As the children grow up, I’m often struck by moments we’ve left behind. The ones that silently disappeared. No fanfare. They were part of our family life one moment, then slipped away with no one noticing.
Puddle jumping is one. The art of jumping into the centre of a puddle and making the biggest splash possible.
It seems like only yesterday I was buying wellies that gave the maximum leg coverage, to cope with the inevitable high water splashes of successful puddle jumping. Most parents of toddlers, when approaching a puddle, give a sideways look at their child to double check how they are dressed that day. A split second decision about whether a wet toddler fits in with your day or is a game changer. Still time for evasive action.
When did that change for us? I didn’t notice, but it has long since gone.
Certainly, puddle-meters and ladybird boots no longer feature in our lives.
(Banded demoiselle) (orange balsalm)
Strangely, puddle jumping has not vanished. Or should that be evaporated? Whichever it is, it still goes on, but in a different form. With different footwear. As I watched the children jump over a never ending series of puddles down the canal path, I saw the transformation. The objective has changed. No longer is it about the biggest splash. Now it is about the lack of contact. Clearing the puddle completely, in one, long leap.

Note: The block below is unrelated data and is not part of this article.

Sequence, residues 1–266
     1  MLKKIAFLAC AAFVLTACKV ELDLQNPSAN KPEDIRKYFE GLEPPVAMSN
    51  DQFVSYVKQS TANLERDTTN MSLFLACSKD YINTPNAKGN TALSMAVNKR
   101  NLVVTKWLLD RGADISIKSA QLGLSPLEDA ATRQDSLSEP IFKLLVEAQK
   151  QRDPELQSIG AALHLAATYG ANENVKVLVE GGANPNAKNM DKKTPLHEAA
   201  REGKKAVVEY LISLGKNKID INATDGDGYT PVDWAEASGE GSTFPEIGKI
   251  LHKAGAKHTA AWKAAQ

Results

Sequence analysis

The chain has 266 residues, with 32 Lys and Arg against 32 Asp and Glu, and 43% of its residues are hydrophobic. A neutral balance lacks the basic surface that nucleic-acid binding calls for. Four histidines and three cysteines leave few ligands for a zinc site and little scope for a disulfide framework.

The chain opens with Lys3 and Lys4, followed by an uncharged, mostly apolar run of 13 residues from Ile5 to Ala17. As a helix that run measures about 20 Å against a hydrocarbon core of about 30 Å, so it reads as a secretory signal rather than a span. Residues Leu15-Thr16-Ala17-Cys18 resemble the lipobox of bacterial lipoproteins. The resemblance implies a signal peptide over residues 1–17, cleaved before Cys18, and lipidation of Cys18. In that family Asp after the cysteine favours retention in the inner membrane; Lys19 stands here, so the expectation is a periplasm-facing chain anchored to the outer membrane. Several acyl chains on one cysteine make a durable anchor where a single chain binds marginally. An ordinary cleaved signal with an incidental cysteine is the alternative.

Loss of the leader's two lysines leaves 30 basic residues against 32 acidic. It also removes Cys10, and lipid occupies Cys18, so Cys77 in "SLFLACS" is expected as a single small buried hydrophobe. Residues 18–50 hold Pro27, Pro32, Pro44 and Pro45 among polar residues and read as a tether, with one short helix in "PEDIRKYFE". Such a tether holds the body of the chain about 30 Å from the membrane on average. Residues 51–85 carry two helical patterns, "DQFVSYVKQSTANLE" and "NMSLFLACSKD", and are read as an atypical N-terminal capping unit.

We were impressed by their synchronised movements. (Hope you can see it in the animated photos above.) An Olympic sport of the future…..maybe. Points awarded for style, uniformity and challenging tricks. A point deducted for each mud splattering spot on their legs.
Did they stay dry? No. We were walking beside a canal in the rain. No chance. I had their waterproofs in my bag, but no one wanted to stop the fun and put them on.
Did they fall in the puddles? No. As if! This is the senior version of puddle jumping after all.
I’d say that is a plus.